> operated at 720 RPM which would produce 60 hertz
> AC directly from the traction alternator. And that
> would be at a lower power output as well, probably
> around 1400 HP instead of the "notch 8" 2000 HP
> rating.

Boucherville, Quebec, 1998

There were pictures in several of the rail magazines about the idling engines and their use as portable generators. These were real jobs, with engineers assigned to oversee the speed settings 24/7, and fuel trucks detailed to refuel the power as needed.

this article mentions that DEVCO had several specially equipped locomotives used to provide emergency power in the Maritimes.

http://www.haya.qc.ca/storm.htm

There's no real reason why you couldn't hook up an extension cord to a nuclear aircraft carrier or submarine and light up a good sized town, I suspect.



Date: 03/26/08 14:24
Re: Loco driven on Canadian street for emergency power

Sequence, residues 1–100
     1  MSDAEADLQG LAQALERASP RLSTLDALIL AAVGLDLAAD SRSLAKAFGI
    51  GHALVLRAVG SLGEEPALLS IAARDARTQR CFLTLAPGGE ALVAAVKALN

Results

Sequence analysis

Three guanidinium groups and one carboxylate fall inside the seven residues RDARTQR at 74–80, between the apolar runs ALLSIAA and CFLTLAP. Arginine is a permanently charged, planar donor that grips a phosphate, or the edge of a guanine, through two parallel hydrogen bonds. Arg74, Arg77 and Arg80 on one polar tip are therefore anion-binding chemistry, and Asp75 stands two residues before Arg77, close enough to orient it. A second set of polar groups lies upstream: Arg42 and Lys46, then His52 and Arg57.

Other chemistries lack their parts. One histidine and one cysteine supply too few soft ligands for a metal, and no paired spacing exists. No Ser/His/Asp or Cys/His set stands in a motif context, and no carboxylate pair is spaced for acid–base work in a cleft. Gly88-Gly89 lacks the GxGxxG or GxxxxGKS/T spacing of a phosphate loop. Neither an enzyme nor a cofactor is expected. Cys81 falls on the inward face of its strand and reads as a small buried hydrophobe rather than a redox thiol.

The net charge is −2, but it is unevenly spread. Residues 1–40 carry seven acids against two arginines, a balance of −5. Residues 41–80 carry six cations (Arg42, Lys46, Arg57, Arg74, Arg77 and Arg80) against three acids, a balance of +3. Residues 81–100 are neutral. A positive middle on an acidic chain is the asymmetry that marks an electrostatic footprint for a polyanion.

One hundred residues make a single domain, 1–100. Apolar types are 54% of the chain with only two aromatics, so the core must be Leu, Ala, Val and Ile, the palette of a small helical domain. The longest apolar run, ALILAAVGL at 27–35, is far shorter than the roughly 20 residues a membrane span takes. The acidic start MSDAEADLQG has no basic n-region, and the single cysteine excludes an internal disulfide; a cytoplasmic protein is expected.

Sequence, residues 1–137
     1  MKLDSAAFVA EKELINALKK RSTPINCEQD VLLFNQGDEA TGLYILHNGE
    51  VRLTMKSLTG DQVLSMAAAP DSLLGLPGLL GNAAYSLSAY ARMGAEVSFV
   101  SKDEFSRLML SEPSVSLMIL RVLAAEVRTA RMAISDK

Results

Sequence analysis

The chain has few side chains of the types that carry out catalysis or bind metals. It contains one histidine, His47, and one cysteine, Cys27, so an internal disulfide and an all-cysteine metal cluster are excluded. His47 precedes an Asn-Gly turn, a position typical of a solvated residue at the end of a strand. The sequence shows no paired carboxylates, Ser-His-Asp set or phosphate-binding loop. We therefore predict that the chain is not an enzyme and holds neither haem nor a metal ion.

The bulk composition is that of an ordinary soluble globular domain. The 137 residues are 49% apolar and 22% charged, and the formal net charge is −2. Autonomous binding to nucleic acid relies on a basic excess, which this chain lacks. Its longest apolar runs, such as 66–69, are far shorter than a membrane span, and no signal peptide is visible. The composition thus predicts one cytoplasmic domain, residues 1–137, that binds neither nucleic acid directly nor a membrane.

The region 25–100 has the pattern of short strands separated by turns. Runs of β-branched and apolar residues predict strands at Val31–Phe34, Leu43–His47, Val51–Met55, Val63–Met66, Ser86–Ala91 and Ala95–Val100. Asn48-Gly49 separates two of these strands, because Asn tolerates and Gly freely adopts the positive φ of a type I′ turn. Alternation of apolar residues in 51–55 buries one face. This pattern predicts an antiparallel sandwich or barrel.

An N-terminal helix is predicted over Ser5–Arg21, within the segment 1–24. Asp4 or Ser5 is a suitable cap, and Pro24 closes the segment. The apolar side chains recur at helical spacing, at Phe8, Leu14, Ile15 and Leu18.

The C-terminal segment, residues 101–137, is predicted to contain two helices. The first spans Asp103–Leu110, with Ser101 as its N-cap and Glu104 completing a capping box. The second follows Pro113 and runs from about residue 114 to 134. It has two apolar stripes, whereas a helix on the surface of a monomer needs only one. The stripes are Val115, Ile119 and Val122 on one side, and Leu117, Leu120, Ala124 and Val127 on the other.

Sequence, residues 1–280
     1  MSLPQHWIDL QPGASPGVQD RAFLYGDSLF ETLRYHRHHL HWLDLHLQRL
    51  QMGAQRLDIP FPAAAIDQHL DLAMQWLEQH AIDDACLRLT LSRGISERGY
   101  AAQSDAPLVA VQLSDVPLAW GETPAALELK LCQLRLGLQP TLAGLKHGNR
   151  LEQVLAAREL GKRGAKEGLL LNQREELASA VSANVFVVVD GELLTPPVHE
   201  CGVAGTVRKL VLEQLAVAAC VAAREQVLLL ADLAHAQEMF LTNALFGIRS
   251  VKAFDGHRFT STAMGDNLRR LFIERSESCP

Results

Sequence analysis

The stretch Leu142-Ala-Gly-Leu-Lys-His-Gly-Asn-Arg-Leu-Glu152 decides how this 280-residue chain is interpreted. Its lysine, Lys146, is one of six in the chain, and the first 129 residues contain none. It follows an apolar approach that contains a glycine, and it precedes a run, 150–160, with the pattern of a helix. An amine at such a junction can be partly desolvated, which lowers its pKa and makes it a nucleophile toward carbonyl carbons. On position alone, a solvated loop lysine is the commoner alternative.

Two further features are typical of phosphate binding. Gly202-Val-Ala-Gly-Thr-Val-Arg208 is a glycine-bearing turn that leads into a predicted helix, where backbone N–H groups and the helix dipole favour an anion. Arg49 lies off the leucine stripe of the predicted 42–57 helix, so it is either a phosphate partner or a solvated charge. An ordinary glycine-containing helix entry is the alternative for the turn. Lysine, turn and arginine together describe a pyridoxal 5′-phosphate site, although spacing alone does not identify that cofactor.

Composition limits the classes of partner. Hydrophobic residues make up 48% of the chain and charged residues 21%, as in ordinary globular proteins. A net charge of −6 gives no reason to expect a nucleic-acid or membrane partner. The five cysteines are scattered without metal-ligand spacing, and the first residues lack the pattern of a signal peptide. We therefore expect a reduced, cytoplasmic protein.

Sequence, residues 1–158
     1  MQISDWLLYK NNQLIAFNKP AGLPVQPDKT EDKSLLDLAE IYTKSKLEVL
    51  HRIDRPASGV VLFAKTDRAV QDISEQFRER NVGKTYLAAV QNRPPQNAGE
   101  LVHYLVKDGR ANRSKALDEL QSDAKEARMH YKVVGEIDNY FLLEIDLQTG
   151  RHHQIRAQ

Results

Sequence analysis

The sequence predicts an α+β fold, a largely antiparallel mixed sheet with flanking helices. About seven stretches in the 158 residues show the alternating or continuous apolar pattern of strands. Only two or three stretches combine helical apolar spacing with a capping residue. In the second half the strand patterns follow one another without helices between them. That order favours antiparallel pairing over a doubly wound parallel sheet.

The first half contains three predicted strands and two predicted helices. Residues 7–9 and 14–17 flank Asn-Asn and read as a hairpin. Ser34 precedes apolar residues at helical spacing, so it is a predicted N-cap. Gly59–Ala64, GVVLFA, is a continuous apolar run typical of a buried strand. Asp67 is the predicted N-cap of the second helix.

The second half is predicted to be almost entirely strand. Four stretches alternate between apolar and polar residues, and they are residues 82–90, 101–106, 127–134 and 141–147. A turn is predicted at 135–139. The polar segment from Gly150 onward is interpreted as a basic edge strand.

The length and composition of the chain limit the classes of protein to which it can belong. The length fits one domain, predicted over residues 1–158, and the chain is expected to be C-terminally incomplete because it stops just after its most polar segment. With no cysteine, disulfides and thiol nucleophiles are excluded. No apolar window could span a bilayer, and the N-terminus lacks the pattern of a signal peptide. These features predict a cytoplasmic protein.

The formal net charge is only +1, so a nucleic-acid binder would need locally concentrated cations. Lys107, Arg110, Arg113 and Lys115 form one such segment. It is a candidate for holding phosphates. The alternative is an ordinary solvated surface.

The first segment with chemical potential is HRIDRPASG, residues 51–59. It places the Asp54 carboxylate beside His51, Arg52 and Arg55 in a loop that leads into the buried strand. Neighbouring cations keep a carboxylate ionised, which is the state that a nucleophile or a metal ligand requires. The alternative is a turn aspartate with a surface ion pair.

Author: CR6079

If you can find yourself an issue of the March 98 issue of Railpace there is a picture of M420W 3502 "PARKED" in the street in front of Boucherville,Que. City Hall.



Date: 02/27/10 14:06
Re: Loco driven on Canadian street for emergency power
Author: gregtravis

When I was doing some research for an article on Amtrak a few years ago, Marc Magliari (Amtrak spokesperson) gave me an account of them (Amtrak) trying a locomotive into the power grid at New Orleans Union Terminal during the Katrina aftermath to provide power to the immediate neighborhood.



Date: 02/27/10 15:38
Re: Loco driven on Canadian street for emergency power
Author: wabash2800

EMD and perhaps some other locomotive manufacturers built self contained diesel eingines with generators that looked like containers for many years and many were shippped to remote locations around the world.

Railroad Model Craftsman had an article specfically on these units with photos and drawings within the last year or so.



Date: 01/09/17 07:41
Re: Loco driven on Canadian street for emergency power
Author: HB90MACH

With the new self contained dcc battery systems (previously only a large scale thing) now avaliable in ho, you can now model that operation.



Date: 01/09/17 08:21
Re: Loco driven on Canadian street for emergency power
Author: sixaxlecentury